Which way should we go?
Mitt Romney, though not born there, is from Massachusetts. Paul Ryan is from Wisconsin. Both states lie east of the Mississippi River.
So the Romney-Ryan tandem is the first Republican presidential ticket since 1944 without at least one member politically from, though not necessarily born in, a state that lies at least partially west of the Mississippi.
The end of that 16-election streak is unlikely to have an impact on this yearís presidential election,
Still, some politics fans might be intrigued to know that over that same period, the Democrats ran five tickets with both their presidential and vice-presidential nominees from east of the Mississippi ó and only the 2008 Barack Obama (Illinois)-Joe Biden (Delaware) pairing was victorious.
Yet lest Republicans derive misplaced hope from that history/geography lesson, they should recall that the last all-Eastern GOP ticket ó Thomas Dewey of New York and John Bricker of Ohio ó lost 36 of the then-48 states to the Democratsí Franklin D. Roosevelt (New York)-Harry Truman (Missouri) tandem.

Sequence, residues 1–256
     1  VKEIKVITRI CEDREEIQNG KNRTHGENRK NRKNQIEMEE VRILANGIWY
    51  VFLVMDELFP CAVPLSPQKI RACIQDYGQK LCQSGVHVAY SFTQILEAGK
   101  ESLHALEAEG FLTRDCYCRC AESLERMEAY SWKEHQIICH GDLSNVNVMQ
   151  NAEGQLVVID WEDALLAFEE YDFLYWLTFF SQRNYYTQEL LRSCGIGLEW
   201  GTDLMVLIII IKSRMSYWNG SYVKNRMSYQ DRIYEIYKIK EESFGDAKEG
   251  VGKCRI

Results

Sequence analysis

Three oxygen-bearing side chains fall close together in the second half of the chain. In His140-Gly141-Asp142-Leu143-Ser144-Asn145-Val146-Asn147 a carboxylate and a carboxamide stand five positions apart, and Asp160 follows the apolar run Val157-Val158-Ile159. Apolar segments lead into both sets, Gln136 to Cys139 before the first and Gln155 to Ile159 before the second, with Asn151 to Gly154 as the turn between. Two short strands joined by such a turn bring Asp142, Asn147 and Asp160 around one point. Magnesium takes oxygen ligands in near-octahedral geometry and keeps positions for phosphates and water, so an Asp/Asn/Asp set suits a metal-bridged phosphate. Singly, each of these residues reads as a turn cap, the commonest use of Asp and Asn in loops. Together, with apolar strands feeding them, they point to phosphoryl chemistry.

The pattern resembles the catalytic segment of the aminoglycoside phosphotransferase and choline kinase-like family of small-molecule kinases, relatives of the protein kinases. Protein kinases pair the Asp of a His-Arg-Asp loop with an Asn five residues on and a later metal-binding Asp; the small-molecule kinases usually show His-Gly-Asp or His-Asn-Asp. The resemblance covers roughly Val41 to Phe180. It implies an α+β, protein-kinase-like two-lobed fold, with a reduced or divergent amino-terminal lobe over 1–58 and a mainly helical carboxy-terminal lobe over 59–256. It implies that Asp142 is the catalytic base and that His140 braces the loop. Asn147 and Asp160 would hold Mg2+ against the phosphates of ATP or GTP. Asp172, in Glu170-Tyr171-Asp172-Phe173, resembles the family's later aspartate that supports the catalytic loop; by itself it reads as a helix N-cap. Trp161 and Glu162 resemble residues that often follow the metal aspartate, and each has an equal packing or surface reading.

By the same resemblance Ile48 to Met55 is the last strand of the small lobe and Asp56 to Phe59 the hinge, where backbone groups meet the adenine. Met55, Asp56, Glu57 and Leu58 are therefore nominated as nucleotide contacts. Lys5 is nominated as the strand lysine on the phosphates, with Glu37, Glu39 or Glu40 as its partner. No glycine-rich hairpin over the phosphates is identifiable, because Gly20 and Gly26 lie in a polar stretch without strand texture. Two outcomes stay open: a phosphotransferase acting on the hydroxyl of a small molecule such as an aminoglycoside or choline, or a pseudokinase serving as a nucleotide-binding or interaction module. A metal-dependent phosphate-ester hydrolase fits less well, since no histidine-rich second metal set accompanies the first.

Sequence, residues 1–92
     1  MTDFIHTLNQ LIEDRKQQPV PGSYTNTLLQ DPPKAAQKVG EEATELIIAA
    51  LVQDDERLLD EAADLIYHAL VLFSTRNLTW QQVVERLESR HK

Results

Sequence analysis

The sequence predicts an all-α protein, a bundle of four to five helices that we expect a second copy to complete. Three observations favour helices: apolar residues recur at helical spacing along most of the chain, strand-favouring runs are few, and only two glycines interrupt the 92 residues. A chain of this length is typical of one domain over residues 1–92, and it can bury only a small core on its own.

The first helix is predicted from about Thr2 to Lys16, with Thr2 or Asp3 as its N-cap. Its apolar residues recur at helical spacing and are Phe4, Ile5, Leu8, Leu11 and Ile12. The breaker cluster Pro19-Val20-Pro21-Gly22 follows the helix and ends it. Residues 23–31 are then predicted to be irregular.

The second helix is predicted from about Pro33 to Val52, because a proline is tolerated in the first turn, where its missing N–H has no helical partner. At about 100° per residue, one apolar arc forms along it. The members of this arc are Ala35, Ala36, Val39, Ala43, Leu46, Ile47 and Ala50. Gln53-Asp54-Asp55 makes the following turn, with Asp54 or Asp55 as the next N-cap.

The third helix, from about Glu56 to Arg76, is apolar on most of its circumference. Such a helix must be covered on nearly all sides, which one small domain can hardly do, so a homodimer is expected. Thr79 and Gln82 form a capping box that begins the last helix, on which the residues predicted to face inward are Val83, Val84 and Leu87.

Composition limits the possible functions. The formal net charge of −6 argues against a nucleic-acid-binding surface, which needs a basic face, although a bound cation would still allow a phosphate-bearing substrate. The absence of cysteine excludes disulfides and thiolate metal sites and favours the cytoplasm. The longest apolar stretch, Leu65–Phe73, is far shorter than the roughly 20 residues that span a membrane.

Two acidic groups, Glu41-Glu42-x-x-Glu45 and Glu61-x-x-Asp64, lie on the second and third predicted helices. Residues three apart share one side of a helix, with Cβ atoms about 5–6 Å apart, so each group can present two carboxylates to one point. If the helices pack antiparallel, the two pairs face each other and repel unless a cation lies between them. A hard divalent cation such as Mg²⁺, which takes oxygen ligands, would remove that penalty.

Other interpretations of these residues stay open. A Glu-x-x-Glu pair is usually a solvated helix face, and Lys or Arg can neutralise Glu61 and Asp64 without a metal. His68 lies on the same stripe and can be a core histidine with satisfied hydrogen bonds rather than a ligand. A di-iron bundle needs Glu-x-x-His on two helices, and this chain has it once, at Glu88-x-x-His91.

Then again, this yearís election is the first since 1920 with all four members of the major-party tickets from east of the Mississippi. In the all-Eastern contest 92 years ago, the GOPís Warren Harding (Ohio)-Calvin Coolidge (Massachusetts) team beat the Democratsí James Cox (Ohio)-Franklin Roosevelt (New York) team.
And there has never been a U.S. presidential election with all four major-party nominees from west of the Mississippi.
Indeed, Americans didnít elect a president from west of the Mighty Mississippi until choosing Republican Herbert Hoover (born in Iowa, raised in Oregon, made his adult home in California) in 1928.
But as you ponder which ticket deserves your vote in November, remember that ultimately itís not where the candidates are from that counts.
Itís where they want to take us.